Games

Going Back to Wolfenstein After E3? Don't Play it Like 'Doom'

A bunch of us are playing, or replaying, MachineGames’ 2014 shooter—and here’s some of what I’ve learned so far.

by Mike Diver
Jun 22 2017, 5:00pm

All screenshots captured by the author.

At the risk of repeating myself, in the vein of my lil BoxBoy apology the other day: oh, Wolfy, baby, I'm so sorry for ignoring you as long as I have.

I, like many, have been drawn to MachineGames' Wolfenstein: The New Order after being impressed by what publisher Bethesda showed off of its sequel, the October-due The New Colossus, during E3. Since that reveal, I've noticed many friends and peers on Twitter either returning to the (not quite, but you know what I mean) first game, or playing through it for the first time. And despite picking The New Order up for Real Money two years ago, I'd not so much as slipped it into my PS4 until a couple of days ago.

More. Fool. Me.

And, I immediately played it like a fool—a fool fluent, twitch-conditioned, in the gung-ho histrionics of Bethesda's other big shooter of the here and now, DOOM. To run and to gun in The New Order, without seeking shelter or health-restoring pick-ups—there's no full regeneration here for simply ducking behind some cover—is to die, and die, and die again. This categorically isn't DOOM, and I learned that the hard way, very early on. I imagine the sequel will play in much the same way—wits are crucial, as much as having an eager appetite for killing Nazis.

Basically, what follows is what I've learned from the first half-dozen missions of the game, which might help you reacquaint yourself, or give you a head start if you, too, are coming at this beast for the very first time.

BJ's got a big head, but plenty of heart, too—and his relationship with Anya here is a vital part of the game's story.

Don't write off the game's protagonist, the erstwhile William Blazkowicz, aka "BJ", as another of those Duke Nukem or Doomguy types. Yes, he's a man of many faces, whose name has been attached to various avatars over the years—some of which were only ever behind the camera. He's thick-jawed, blue-eyed, kinda generic tough-guy looking; but The New Order does a terrific job of bringing unexpected nuance to this dual-rifle-wielding beefcake. And that begins at the very beginning—a flashback to happier times, perhaps, but context certainly, of who this BJ is, before he (and we) gets tossed dramatically into the strum und drang of the game's depiction of the Second World War, and the alternative history that follows its fiction's Nazi victory.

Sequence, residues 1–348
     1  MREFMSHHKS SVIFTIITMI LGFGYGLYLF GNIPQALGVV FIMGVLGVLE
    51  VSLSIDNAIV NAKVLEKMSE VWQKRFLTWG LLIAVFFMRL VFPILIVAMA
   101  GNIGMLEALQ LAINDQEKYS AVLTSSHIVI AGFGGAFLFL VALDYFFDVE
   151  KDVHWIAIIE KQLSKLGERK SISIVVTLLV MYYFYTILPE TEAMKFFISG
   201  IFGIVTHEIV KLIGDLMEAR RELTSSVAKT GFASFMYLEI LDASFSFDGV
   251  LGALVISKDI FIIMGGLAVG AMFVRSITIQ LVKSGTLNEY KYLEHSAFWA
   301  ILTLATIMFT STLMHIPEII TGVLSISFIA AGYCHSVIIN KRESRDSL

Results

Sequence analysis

Don't, and I feel I need to repeat myself here, smash straight into it like DOOM. Sprinting around each level's sometimes maze-like layout is a sure-fire way to get murdered in a spray of enemy bullets, even on the lower difficulties. BJ is big, tough, and capable of going toe-to-toe, knife-to-knife, with most enemies on a one-on-one basis; but against legions, he's just a man, soft and pulpy cannon fodder for the advanced German War Machine. You can run, sure, but just doing that won't cut it—you'll be cut down. So you run, and you hide. Being a little bit sneaky in The New Order is so important, using the element of surprise to take down enemies before they can trigger back-up-calling alarms.

Don't rush at all, really—unless you've a mechanical Panzerhund on your tail, chomping and clanging its way towards your arse, in which case, really get a step on. The New Order has its share of stunning views, small moments of beauty in a world, a 1960, that's been largely overrun by the triumphant German forces, and crushed into suppression under so much concrete and steel. Also, there are a lot of collectibles around—"explore the environment," suggests a loading screen, and you really should.

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On topic, don't forget to clean up after yourself. Fallen foes can drop ammo and armor, so when you're sweeping each Nazi-free area for golden treasure and Enigma Code pieces, do step over those prone bodies for valuable little top-ups. Littering is a crime—take yours home with you. (Or, just recycle it, directly into the neck or chest of the next enemy soldier that tries to stop you.)

At the same time, don't piss about when the time comes to get wild. The music cranks up, Mick Gordon's soundtrack turning from tentative, barely there at times, to really quite DOOM-like in its grinding guitars and haul-ass aggression. When you get that cue: unleash hell. Because if you don't, it's goodnight, BJ. Fight fire with fire when the music's lit—it makes sense. And, seriously, don't bother with the small pistols—when you spy a shotgun, spray the shotgun. Your kneecaps will thank you for it. And really don't pause to have any sympathy for the Bad Guys, here, because they really are (or, I guess, were) the Worst Guys. Kill 'em all.